How are you going to spend your ...

... extra five months?
Between 1978 and 2001, Americans’ average life span increased almost three years to 77, and as much as 4.8 months of that can be attributed to cleaner air, researchers from Brigham Young University and Harvard School of Public Health reported in Thursday’s New England Journal of Medicine.
I guess this means we'll all live longer, allowing us to see global warming armageddon. w00t!

Tuesday, January 27, 2009

You said it Jack Cafferty!

Stimulus package is loaded with crap. The link is mostly about how Limbaugh is a loud-mouth, but read the last paragraph.
The stimulus package is not going to be a walk in the park either. Republicans are yelling it's too costly and doesn't stimulate enough. And they might have point. It's at $825 billion now and could go higher. Hundreds of millions for condoms and other contraceptives doesn't belong in there either, unless it's for what's about to happen to the American taxpayer.
So ... who's ready for "what's about to happen"? I'm not.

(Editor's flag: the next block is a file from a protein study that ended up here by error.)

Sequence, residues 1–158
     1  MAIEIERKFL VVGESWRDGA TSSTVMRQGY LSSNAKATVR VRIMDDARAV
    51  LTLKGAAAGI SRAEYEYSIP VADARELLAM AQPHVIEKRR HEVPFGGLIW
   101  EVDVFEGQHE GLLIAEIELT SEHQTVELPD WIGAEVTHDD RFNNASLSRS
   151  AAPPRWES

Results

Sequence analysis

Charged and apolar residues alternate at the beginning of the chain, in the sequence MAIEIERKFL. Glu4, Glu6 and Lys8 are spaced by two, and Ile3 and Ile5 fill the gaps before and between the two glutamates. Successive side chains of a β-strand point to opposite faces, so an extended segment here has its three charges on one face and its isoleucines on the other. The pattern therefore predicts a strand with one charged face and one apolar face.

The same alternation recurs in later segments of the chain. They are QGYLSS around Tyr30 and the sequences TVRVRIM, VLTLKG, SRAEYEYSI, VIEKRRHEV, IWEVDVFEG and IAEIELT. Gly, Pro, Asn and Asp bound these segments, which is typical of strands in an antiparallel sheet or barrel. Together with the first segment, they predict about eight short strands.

Monday, January 26, 2009

Synthetic Biology

I'm not a Craig Venter fan, but you have to hand it to him, he's motivated and doesn't back down from a challenge. Here is a talk of his on his quest to create life. It's a 15 minute video. The organism he plans on creating is Mycoplasma laboratorium.

Currently ...

ReadingThe best portable star atlas in production (IMNSHO).

Listening To

Nuclear Power

I'm not sure that many people actually consider this, but ... nuclear power is going to be as finite as fossil fuels are. Current estimates peg nuclear power as being capable of powering the world at current rates for the next 200 years. Then, that's it folks.
According to the NEA, identified uranium resources total 5.5 million metric tons, and an additional 10.5 million metric tons remain undiscovered—a roughly 230-year supply at today's consumption rate in total.
There are a couple more options though ...
Two technologies could greatly extend the uranium supply itself. Neither is economical now, but both could be in the future if the price of uranium increases substantially. First, the extraction of uranium from seawater would make available 4.5 billion metric tons of uranium—a 60,000-year supply at present rates. Second, fuel-recycling fast-breeder reactors, which generate more fuel than they consume, would use less than 1 percent of the uranium needed for current LWRs. Breeder reactors could match today's nuclear output for 30,000 years using only the NEA-estimated supplies.
That's a bit more comforting. The question is ... would future developers actually develop these technologies sometime other than the 11th hour like we're currently experiencing with oil?